This page is a stub. It will be expanded to a full-fledged article.
Cumae: Greek town in Italy, best-known for its prophetess, the Sibylla.
- Metal trade between the Etruscans and Greeks; c.750 BCE Pithecusae (Ischia); after that, Cumae founded by settlers from Euboea on a hill on the mainland
- Avernian Lake; acropolis with two temples
- sVI: Etruscan attempt to seize Cumae; Aristodemus of Cumae repels them; battle of Aricia.note[Dionysius, Roman Antiquities 5.36.]
- c.474 BCE: naval battle of Cumae, Cumans and Syracusans versus Etruscans
- sV-IV: Wall
- c. 438 or 421: town captured by Samnites
- After one century, Roman control (cf. Capua, praefectus Capuam Cumas); provincial town; no decline, but other towns (e.g., Naples) rapidly became more important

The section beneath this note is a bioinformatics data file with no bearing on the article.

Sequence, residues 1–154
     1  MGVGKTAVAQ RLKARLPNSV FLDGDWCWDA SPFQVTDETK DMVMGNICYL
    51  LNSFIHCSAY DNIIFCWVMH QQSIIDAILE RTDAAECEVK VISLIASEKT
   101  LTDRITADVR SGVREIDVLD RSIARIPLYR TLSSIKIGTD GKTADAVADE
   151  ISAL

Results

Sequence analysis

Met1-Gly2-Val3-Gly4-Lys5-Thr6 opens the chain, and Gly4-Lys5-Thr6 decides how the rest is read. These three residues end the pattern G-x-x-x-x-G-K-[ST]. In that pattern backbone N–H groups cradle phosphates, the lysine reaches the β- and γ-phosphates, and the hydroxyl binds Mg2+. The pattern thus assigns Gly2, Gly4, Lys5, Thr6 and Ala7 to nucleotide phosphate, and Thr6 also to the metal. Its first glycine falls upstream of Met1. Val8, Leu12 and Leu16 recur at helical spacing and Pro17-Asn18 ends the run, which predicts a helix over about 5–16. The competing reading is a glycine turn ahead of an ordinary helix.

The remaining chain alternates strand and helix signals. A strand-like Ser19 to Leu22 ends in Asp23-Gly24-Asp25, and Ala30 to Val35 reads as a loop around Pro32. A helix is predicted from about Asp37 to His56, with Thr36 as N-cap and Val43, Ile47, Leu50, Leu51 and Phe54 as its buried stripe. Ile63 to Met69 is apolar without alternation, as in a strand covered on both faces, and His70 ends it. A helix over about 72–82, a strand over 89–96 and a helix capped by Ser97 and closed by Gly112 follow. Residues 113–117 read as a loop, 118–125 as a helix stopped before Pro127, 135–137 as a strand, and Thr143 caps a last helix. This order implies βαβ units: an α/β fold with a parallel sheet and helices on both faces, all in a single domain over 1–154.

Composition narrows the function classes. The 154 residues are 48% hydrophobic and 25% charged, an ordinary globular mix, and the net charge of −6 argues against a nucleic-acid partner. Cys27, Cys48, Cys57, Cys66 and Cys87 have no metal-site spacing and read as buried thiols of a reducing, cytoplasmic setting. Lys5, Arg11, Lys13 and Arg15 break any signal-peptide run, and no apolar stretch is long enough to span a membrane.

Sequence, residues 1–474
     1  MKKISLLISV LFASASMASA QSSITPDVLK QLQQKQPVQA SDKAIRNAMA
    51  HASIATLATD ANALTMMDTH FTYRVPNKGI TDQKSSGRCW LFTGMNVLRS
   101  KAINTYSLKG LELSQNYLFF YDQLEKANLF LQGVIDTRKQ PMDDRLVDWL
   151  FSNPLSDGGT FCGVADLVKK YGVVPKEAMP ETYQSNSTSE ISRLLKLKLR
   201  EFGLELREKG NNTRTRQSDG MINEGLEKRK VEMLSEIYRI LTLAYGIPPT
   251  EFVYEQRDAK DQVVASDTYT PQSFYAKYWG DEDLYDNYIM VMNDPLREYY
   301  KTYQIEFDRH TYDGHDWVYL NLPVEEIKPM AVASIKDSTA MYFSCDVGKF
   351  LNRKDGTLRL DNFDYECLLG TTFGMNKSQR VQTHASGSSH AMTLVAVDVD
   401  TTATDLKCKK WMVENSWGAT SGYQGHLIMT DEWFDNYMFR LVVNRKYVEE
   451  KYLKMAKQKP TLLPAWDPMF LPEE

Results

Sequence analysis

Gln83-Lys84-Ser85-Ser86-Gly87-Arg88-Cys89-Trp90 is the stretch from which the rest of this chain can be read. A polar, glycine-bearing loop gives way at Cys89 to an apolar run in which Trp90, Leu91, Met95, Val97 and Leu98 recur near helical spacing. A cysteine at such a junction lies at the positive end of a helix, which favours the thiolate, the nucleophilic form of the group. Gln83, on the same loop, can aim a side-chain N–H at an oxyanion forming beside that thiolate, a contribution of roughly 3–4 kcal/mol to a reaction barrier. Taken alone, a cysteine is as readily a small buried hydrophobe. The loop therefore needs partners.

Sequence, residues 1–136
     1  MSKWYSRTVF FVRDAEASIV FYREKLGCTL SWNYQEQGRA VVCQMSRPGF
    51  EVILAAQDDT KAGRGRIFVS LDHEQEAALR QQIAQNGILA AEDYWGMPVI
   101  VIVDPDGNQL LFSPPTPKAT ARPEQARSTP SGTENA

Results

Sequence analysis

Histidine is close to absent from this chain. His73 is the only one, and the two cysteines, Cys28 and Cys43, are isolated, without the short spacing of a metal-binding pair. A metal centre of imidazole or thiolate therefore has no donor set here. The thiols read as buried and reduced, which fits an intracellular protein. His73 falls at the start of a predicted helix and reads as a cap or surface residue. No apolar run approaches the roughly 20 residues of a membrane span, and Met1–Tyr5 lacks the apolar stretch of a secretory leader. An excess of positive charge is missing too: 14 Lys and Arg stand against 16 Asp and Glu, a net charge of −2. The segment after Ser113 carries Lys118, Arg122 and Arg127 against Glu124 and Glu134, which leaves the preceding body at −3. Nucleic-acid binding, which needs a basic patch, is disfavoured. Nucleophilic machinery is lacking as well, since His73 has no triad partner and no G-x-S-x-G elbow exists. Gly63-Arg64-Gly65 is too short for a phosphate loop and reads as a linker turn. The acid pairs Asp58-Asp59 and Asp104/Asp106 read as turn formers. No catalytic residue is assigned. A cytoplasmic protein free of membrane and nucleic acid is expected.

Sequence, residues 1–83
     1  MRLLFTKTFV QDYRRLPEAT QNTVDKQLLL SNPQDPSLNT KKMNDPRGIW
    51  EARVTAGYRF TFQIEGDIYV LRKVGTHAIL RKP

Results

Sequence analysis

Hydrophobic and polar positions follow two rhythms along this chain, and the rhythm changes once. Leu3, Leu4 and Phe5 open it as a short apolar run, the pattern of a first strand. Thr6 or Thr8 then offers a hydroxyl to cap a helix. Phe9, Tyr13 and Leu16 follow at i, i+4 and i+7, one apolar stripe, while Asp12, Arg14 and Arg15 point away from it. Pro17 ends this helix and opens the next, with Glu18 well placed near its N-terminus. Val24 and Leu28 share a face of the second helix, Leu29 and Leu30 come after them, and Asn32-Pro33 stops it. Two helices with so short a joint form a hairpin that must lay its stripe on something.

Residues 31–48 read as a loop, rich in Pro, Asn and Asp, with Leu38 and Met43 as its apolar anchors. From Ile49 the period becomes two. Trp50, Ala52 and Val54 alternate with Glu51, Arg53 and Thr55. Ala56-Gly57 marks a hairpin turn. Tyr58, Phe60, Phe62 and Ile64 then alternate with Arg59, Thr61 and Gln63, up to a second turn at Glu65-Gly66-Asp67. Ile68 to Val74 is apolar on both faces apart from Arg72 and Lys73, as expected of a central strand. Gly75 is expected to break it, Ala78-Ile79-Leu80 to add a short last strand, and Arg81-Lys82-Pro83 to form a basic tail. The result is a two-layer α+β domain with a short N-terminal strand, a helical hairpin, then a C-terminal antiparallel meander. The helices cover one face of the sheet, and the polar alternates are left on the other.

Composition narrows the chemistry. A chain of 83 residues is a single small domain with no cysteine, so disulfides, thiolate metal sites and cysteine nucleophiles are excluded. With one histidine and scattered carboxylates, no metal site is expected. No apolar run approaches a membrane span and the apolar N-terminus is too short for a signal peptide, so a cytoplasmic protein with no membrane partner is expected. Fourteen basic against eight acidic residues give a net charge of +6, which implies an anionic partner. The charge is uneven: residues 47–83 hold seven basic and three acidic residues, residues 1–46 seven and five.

- Hannibal's attempts to capture ports like Cumae and Puteoli - necessary to receive fresh troops - fail.
- 37-36 BCE: Agrippa uses Avernian Lake to train navy for attack on Sextus Pompeius
- Harbor silting up; quiet, rural townnote[Statius, Silvae 4.3.65; Juvenal, Satire 3.2.]
- 91 CE Via Domitiana Rome-Cumae/Puteoli
- Greek temples become Christian basilicas
- Late Antiquity: Byzantine fortress on the acropolis, 536 fortified by Belisarius; 542 captured by Totila; 553 recaptured by Narses